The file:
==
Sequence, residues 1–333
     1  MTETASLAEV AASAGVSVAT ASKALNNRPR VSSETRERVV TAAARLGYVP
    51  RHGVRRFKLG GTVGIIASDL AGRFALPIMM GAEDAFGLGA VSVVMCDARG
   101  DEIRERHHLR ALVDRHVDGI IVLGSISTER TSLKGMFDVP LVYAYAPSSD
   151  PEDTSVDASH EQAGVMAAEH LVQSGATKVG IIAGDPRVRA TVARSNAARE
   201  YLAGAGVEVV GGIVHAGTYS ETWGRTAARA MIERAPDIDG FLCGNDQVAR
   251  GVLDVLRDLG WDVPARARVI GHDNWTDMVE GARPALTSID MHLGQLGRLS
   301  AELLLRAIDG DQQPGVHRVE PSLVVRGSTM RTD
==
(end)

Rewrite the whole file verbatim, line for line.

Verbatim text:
Sequence, residues 1–333
     1  MTETASLAEV AASAGVSVAT ASKALNNRPR VSSETRERVV TAAARLGYVP
    51  RHGVRRFKLG GTVGIIASDL AGRFALPIMM GAEDAFGLGA VSVVMCDARG
   101  DEIRERHHLR ALVDRHVDGI IVLGSISTER TSLKGMFDVP LVYAYAPSSD
   151  PEDTSVDASH EQAGVMAAEH LVQSGATKVG IIAGDPRVRA TVARSNAARE
   201  YLAGAGVEVV GGIVHAGTYS ETWGRTAARA MIERAPDIDG FLCGNDQVAR
   251  GVLDVLRDLG WDVPARARVI GHDNWTDMVE GARPALTSID MHLGQLGRLS
   301  AELLLRAIDG DQQPGVHRVE PSLVVRGSTM RTD